The Annual Dialogue & Friendship Dinner brought together more than 200 people from diverse backgrounds to promote an inclusive atmosphere in the Austin community for people of all religions and cultures. Participants included academics, policymakers, faith and community leaders. The Annual Dinner, sponsored by generous organizations and individuals, was held on Thursday evening, May 12, at the Asian American Resource Center. You can see names of the sponsoring organizations and individuals on webpage of the event by clicking on the following link: http://dinner.dialogueatx.org
In his welcome speech, Dr. Guner Arslan, founding board member of Dialogue Institute of the Southwest, gave an overview of Dialogue Institute’s activities and its cooperation with various local organizations to create more peaceful and harmonious environment around us.
Dennis Moninger, one of Bastrop fire victims, delivered a moving speech about devastating experiences of the victims during and following the fire, which was deemed the most destructive wildfire in Texas history. He expressed his profound and sincere gratitude to Dialogue Institute that had fundraised over 50.000$ to help the victims rebuild their homes and lives after the disaster.
The theme of this year’s dinner was “Dialogue Now”, and featured keynote speaker Edina Lekovic who was named as one of the 500 most influential Muslims in the world by Georgetown University and the Royal Islamic Strategic Studies Centre in 2009. She is a communication strategist, who currently serves as a consultant with Muslim Public Affairs Council, where she has served since 2004. Edina has served as a leading voice on the American Muslim community for 15 years.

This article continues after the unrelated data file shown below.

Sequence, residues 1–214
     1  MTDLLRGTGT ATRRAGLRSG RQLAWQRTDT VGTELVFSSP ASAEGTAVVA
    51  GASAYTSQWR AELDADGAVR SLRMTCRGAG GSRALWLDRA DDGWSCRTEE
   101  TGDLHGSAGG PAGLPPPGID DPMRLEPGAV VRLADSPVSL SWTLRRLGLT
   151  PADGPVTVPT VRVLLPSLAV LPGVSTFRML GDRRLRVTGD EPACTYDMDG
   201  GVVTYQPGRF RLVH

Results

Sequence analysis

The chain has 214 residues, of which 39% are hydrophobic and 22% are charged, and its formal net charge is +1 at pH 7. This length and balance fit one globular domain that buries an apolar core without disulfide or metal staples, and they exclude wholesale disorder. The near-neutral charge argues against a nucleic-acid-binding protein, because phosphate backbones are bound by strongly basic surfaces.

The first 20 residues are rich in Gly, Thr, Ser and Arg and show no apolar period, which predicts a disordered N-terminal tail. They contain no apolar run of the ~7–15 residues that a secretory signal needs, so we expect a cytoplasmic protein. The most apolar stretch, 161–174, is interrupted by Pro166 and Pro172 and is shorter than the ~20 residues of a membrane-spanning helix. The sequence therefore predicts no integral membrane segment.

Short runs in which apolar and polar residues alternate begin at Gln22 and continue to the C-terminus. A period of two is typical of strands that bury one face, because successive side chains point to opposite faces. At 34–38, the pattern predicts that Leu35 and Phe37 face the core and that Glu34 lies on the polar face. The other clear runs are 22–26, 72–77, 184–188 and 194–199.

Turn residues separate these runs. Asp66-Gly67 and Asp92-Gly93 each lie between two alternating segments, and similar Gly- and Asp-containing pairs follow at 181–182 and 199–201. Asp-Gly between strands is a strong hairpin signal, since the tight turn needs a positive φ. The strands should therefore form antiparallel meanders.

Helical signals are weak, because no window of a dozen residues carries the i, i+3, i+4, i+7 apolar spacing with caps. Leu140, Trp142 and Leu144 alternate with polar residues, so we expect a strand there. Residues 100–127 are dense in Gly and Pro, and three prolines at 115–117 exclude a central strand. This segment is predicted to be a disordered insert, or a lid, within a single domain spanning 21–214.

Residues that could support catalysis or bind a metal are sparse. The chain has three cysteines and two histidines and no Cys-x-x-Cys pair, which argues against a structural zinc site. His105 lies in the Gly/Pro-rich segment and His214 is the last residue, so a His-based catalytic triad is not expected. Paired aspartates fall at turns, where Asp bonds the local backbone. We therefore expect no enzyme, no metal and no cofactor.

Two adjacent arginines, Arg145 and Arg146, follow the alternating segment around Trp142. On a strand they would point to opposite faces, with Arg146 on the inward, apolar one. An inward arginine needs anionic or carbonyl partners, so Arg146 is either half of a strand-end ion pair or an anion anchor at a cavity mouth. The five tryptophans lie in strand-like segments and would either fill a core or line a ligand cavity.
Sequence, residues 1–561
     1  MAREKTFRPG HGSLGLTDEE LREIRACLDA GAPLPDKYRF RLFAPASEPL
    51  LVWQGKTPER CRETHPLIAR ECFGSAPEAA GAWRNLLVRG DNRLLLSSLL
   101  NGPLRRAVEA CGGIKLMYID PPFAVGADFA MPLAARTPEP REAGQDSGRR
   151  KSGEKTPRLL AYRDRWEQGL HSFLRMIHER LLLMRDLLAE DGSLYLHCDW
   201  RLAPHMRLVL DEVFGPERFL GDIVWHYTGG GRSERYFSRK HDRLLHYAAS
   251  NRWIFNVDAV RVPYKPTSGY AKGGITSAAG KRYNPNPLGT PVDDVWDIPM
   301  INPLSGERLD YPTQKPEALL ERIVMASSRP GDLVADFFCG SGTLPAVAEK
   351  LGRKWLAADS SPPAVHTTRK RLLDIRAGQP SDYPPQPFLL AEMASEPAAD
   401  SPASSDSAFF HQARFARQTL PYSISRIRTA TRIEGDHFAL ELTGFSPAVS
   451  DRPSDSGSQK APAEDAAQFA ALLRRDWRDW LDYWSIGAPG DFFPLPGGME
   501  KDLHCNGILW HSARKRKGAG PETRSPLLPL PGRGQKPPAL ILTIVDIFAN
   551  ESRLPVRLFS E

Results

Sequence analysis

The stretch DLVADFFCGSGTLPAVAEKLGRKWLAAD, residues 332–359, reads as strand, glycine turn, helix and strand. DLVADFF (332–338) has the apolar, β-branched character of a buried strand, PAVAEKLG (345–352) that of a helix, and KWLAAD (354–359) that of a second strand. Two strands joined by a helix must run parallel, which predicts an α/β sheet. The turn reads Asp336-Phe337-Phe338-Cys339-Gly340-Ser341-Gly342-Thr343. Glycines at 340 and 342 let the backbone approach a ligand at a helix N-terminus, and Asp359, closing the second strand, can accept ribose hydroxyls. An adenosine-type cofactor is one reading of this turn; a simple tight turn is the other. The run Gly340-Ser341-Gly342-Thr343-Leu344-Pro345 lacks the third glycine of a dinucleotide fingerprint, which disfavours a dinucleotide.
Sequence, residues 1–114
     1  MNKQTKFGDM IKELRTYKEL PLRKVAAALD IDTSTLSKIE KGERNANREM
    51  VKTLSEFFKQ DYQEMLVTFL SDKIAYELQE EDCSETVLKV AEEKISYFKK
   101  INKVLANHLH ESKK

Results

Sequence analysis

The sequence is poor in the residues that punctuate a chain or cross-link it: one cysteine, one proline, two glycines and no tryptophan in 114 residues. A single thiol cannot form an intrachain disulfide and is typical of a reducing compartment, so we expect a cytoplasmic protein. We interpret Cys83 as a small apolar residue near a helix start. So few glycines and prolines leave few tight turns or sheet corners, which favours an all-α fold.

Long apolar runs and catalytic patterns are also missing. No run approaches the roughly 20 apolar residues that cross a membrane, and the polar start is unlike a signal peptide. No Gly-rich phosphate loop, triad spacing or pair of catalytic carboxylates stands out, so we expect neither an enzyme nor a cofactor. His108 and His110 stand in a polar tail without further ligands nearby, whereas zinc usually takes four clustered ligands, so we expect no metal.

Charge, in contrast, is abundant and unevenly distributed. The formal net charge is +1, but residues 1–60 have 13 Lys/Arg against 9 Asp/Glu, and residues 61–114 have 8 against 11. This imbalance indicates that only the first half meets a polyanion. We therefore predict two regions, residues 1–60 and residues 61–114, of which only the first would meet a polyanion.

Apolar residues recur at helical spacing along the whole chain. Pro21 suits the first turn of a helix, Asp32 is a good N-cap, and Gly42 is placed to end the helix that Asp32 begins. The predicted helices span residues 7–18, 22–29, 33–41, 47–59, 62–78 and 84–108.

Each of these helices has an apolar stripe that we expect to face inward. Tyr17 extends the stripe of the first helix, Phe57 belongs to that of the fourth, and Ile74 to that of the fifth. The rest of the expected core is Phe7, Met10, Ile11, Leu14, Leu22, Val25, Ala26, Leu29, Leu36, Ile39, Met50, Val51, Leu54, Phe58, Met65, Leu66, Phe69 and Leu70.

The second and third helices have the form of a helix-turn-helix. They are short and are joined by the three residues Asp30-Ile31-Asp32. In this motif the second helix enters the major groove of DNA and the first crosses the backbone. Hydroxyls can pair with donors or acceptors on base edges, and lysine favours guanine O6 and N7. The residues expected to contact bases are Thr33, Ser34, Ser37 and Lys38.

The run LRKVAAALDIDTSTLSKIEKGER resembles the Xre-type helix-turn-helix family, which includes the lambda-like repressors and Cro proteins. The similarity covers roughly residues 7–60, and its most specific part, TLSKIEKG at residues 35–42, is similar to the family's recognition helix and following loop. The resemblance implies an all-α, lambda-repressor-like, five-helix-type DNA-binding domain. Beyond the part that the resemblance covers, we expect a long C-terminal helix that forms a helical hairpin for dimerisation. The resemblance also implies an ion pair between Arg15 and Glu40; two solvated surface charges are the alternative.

In the face of intolerance towards people of different religious backgrounds, Edina asserted, it is the time for all of us to stay more connected with our friends, colleagues and neighbors. The approaching month of Ramadan is a golden opportunity to engage in dialogue with our friends and immediate neighbors irrespective of their religions and cultures.
Edina defined the problem of Islamophobia as an American problem that does not target only Muslims, but also other minorities in the country. According to her, Islamophobia is the result of growing intolerance towards minorities with different religious, ethnic, racial and cultural backgrounds. In order to eliminate Islamophobia and other intolerant trends, we need to create safe zones for social and cultural engagements through which people can get to know each other, and they can overcome prejudices they may have. It is the duty of all Americans who are committed to the ideal that everyone has an equal opportunity of life, liberty and the pursuit of happiness.
The event ended with an award ceremony honoring Elliott Naishtat, Texas State Representative, and Jim Harrington, Former Director of Texas Civil Rights Project, due to their exemplary services in the support and promotion of peace and dialogue. The outstanding individuals received their awards from the hands of Sen. Gonzalo Barrientos, a former Democratic member of the Texas Senate, and Jan Soifer, a respected Austin lawyer.